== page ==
The Young Ambassadors for Peace or YAP, a local group says Liberia is at a crossroads and it’s time young people of Liberia do away with violence and engage in activities that will promote peace across the country.
The group says for too long the young people of Liberia have embraced violence as an alternative, something which has negatively impacted the country. It noted that over the years, young people had allowed themselves to be used by politicians to ignite violence at the detriment of the state.
Addressing reporters at the Ministry of Information, Cultural Affairs and Tourism on Capitol Hill, YAP President and Executive Director Momo Taylor explained that the group became very proactive in 2003 during the Accra Peace Accord in Ghana.
According to him, YAP is non-political, non-for-profit, purely dedicated to ensuring that young people appreciate the sustainability of peace in Liberia. “Young Ambassadors have managed to train, recruit and commission over fourteen thousand seven hundred young people between ages 18 and35 as peace ambassadors. We also trained 3,313 security personnel from both the police and the AFL on non-violence campaign and non- violence issues of citizens to ensure everyone appreciates the sustainability of the peace that people enjoy today”, he added Mr. Taylor said YAP has 1,150 volunteers in all 15 counties of Liberia, saying “We have been working not on the basis of political interest; we are working because the youths are being seen as the front factor of violence; the categorization of young people are always seen in the wrong perspective, and since 2003 we been working to ensure that over 62 percent of the population is trained and commissioned as peace ambassadors.”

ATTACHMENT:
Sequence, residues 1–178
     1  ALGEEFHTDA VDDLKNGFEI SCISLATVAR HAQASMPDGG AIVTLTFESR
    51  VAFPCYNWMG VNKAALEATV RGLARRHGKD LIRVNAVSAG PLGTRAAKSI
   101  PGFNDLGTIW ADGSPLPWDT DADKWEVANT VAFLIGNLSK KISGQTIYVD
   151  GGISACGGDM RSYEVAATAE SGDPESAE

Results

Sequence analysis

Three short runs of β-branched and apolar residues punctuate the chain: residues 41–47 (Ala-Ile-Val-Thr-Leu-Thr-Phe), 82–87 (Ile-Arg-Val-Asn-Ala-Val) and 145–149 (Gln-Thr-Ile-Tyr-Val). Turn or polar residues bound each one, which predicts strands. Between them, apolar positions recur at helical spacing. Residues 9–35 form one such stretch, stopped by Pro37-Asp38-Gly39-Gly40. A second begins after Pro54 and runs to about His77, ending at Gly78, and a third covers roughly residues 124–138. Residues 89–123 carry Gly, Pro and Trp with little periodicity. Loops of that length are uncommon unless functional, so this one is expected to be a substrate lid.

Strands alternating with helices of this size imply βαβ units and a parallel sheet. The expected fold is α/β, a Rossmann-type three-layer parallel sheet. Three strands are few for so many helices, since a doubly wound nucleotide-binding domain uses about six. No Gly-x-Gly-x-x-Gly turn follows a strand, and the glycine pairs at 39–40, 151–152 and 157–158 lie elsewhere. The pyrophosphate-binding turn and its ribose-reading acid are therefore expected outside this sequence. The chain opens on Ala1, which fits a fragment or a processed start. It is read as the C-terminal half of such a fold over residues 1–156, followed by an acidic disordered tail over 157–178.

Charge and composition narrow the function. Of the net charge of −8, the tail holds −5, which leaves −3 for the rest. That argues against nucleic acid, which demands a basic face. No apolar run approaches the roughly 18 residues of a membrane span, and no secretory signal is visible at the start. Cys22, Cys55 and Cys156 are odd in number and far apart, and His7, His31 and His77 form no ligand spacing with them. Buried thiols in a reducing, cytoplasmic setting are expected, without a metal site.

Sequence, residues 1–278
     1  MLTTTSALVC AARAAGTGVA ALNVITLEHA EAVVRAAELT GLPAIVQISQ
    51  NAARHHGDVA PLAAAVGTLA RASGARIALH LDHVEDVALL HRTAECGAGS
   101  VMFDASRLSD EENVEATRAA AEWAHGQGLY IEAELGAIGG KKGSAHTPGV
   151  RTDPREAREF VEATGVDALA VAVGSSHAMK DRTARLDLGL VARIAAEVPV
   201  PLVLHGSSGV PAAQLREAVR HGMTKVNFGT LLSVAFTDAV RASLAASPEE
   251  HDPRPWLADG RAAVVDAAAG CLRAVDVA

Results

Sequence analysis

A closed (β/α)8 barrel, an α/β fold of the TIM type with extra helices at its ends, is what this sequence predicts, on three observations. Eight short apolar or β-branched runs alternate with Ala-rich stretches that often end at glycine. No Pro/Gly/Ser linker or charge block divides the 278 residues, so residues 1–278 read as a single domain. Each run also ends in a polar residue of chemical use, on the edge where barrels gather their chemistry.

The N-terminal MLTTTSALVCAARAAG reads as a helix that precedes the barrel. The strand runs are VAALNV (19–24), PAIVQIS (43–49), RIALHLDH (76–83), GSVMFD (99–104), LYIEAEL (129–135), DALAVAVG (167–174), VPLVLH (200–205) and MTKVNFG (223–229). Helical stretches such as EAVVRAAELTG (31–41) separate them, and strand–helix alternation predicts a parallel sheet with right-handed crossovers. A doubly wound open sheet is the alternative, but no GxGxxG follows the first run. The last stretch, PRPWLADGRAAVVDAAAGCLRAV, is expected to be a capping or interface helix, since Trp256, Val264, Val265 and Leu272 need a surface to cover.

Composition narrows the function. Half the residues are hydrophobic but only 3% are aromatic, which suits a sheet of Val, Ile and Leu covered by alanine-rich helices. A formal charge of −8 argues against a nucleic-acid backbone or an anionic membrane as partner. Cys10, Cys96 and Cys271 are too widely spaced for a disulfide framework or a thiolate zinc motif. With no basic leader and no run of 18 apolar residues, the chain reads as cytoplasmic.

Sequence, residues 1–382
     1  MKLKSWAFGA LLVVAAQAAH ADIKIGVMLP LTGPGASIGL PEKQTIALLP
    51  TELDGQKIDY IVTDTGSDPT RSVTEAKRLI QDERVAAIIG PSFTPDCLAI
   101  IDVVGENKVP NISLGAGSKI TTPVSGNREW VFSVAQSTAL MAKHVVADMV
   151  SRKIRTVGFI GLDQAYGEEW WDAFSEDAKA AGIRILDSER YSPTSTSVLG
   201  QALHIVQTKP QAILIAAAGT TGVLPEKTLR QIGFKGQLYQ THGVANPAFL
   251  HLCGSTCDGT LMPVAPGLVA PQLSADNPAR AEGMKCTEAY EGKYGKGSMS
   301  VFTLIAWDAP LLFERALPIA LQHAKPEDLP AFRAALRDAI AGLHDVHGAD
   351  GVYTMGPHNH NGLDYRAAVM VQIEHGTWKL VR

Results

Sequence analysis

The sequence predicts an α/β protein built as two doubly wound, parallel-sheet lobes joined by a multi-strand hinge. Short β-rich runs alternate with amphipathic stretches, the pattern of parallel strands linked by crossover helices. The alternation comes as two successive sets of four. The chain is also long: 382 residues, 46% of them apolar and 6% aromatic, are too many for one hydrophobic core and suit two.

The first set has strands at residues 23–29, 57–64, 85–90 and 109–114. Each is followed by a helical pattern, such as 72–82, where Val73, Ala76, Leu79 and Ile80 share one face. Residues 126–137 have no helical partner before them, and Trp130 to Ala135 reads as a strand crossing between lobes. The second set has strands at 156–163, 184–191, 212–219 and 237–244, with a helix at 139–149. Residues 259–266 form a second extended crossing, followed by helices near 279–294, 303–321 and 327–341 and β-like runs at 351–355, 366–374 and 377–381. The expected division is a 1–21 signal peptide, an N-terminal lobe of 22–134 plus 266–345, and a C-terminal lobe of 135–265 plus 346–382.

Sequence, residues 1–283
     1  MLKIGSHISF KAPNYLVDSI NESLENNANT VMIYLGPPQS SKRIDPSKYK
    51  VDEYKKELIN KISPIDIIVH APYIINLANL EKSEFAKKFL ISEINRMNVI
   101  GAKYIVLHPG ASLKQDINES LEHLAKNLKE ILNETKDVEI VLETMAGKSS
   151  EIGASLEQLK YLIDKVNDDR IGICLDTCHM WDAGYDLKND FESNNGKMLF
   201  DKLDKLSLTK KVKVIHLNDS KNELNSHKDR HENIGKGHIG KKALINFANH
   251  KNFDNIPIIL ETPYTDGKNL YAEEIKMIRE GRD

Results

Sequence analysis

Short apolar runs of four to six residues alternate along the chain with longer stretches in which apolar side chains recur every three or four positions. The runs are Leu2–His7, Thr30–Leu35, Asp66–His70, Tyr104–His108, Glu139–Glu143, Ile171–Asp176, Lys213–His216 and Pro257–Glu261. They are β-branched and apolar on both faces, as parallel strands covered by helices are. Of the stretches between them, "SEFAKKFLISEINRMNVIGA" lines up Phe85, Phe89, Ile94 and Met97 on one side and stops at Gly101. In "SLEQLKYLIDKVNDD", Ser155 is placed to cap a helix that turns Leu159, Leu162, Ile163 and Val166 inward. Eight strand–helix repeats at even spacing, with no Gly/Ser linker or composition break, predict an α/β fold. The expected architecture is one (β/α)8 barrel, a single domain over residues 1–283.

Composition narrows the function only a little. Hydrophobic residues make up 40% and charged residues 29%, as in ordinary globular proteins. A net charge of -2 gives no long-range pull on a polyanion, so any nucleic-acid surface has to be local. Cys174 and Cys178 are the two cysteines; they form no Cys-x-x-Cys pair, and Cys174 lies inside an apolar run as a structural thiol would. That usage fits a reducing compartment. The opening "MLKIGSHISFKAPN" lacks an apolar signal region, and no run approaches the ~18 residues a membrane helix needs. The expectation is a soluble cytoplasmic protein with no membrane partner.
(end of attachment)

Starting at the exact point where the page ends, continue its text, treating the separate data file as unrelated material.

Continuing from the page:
He said the issues of 14 years of civil conflict will not come to fruition and issues of peaceful demonstrations that will lead to chaotic violence and setback for the country will not come to fruition, adding that since the formation of YAP, it has been working to ensure that every young person contributes to sustaining the peace.
He said as Liberians go to elections in October, the interest of the Young Peace Ambassadors has been drawn to ensure that young people minds are cultivated in the way they can help by supporting the peace process, and ensure that that the country sails on safe ship.
Mr. Taylor also announced an impending national peace and reconciliation tournament beginning February 1, to April, which will bring together 73 electoral districts from across Liberia.
He said now is the time to avoid politicians using the youths as surrogates, saying “It is about time that we think about moving this country forward, because Liberia is all that we have.”
By Lewis S. Teh-Editing by Jonathan Browne